Being as Communion, Book Review, God as Person, God is Love, Identity, Love as God's supreme nature, Person in Relation, Personhood, Subject Object & Reciprocation, Trinity, Triune God, What Language Shall I Borrow?
Respect for man’s “personal identity” is perhaps the most important ideal of our time.
Thus begins the chapter, Personhood and Being in John D. Zilioulas‘ excellent book, Being as Communion: Studies in Personhood and the Church. It resonates with a theme to which I have been writing: our identity is best found in, and most profoundly defined by the One who made us for Himself. In Q in an Age of Discovery, I wrote:
The point I am trying to make in discussions around identity is that we are probably all “Q” in the age of discovery – in that we are questioning what we are and who we are. It might be said that this is one of the essential journeys of what it means to be human.
Personhood, Zilioulas takes delight in uncovering, is best understood in relation – for we are created in God’s image; God’s being is communion, and He invites us into this hyper-relationality of the Trinity (Triune communion).
God is Love
Zilioulas notes that when the Apostle John writes, “God is Love” (I John 4:16), we recognize that God is person and not merely a philosophical idea. Love is not a property of God, “it is constitutive of His nature – it is that which makes God what He is, the one God.” God is Love – naturally implies subject, object, and reciprocation. In other words, love is not treated as a philosophical idea or ideal, but as the substance of relationship, and it makes no sense outside of this relationally.
Love is the supreme ontological predicate. Love as God’s mode of existence “hypostasizes” (personalizes) God, [it] constitutes His being.
What it means to be a Person:
What it means for us to be a person is rooted entirely in what it means for God to be a person; for we inherit – or we obtain the spiritual genetic material of personhood from the Triune God who Himself is Person – that is to say – Person in Relation – or – Being as Communion.
Death for a person means ceasing to love and to be loved, ceasing to be unique and unrepeatable, whereas life for the person means the survival of the uniqueness of its hypostasis (concrete personhood), which is affirmed and maintained by love…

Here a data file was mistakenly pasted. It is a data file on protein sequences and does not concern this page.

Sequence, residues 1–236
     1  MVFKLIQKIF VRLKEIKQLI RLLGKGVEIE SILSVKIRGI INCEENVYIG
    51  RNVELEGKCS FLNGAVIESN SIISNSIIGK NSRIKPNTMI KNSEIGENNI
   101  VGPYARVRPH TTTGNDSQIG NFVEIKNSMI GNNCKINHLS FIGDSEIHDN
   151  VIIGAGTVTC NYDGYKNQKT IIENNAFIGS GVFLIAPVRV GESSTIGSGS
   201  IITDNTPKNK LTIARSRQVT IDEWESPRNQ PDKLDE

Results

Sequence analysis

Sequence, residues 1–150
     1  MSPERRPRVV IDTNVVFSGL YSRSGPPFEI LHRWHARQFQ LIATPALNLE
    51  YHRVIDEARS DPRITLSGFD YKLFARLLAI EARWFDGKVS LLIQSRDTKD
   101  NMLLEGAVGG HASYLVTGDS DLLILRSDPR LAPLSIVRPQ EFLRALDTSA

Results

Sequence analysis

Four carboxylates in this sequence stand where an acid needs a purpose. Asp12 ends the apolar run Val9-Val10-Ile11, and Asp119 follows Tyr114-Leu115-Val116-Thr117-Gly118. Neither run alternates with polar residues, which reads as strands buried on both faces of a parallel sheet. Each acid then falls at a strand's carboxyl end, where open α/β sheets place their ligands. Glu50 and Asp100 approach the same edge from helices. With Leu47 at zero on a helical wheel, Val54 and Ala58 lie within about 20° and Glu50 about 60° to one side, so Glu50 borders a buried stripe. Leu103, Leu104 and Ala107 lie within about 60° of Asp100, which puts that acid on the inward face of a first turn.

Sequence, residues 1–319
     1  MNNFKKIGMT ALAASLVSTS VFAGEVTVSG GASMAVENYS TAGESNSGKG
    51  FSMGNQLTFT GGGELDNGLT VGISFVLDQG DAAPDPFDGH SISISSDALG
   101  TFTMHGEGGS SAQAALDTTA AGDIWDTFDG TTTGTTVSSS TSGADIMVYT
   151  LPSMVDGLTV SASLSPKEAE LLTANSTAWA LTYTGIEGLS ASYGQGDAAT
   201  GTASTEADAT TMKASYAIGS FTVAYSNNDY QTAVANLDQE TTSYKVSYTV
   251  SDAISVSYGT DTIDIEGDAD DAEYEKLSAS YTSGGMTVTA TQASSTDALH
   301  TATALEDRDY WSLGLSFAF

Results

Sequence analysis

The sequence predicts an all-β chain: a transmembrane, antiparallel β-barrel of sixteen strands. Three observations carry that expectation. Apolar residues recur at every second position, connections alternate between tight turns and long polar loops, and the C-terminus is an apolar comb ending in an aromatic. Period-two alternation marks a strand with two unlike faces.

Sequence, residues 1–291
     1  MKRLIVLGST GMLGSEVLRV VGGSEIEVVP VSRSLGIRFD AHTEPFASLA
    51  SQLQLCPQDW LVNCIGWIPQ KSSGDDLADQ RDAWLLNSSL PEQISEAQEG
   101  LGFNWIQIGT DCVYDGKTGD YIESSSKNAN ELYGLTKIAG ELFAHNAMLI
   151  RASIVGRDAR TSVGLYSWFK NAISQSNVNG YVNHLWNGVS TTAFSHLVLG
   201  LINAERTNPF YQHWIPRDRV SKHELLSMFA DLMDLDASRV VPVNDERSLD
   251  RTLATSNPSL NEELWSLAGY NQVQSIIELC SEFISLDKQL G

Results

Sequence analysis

The mystery of the person… consists in the fact that love can endow something with uniqueness, with absolute identity and name. It is precisely this which is revealed by the term “eternal life,” which for this very reason signifies that the person is able to raise up to personal value and live… as part of a loving relationship.
(For more on the mystery of the Trinity see: What Language Shall I Borrow)
It is no wonder then that Augustine would understand this so early on in Christian thought:
“In loving me, you made me lovable.
It is a powerful and beautiful summary of all that is best in Christian spirituality, and it is the experience of all those who come to God in Christ: the experience that His love is redemptive; that we become lovable both in the sense of being able to love, and be able to be loved.
Person In Relation
Professor James M. Houston has had a lot to say about the confusion between what it means to “be a person” versus what it means “to be an individual.” He notes that Carl Rogers could only describe the process of becoming a self-creating “individual,” but that he had “no grounds to differentiate the ‘person’ from the ‘individual.’ In fact the ‘therapeutic self,’ argues Christopher Lasch, ends up as ‘the minimal self’ in a culture of survivalism” (The Mentored Life: From Individualism to Personhood, p. 113ff).
Houston notes that “professionalism and specialization are forms of abstraction that tend toward the reduction of the “personal” to being merely an “individual.” He notes how Jean-Francios Lyotard “explores the inhumanity of the institutions of modernity, as well as the ways in which the soul is held hostage within oneself by self-possessiveness… What Lyotard is calling ‘in-human’ is being ‘the individual,’ the inwardness of self-enclosure” (from Lyotard’s essay: The Inhuman: Reflections on Time).
Thus Houston states:
When philosophers define ‘the person’ as an ethical issue, they are distinguishing what is a human being from either a fetus or some other material concept. The human person remains unresolved as a questionable issue, scientifically inaccessible, and indefinable. The human can only be a question mark. It is only in the theological analogy drawn between persons – human and divine – that theological anthropology begins to make sense as defining us a persons-in-relation-with-God.
Zizioulas affirms this when he summarizes:
To be and to be in relation becomes identitical. For someone or something to be, two things are simultaneously needed: being itself (hypostasis) and being in relation (i.e. being a person).
What it means to be a person is a profound mystery.
It is not merely about one’s personal struggle to be a unique individual by stringing together accomplishments and experiences in a feeble attempt to reduce personhood to a resume. Personhood is found in relation with the One who made us for Himself.
In the words of Jesus, He is the gate through which we come in and go out to a wider wonder world.
This is more enigma than dogma.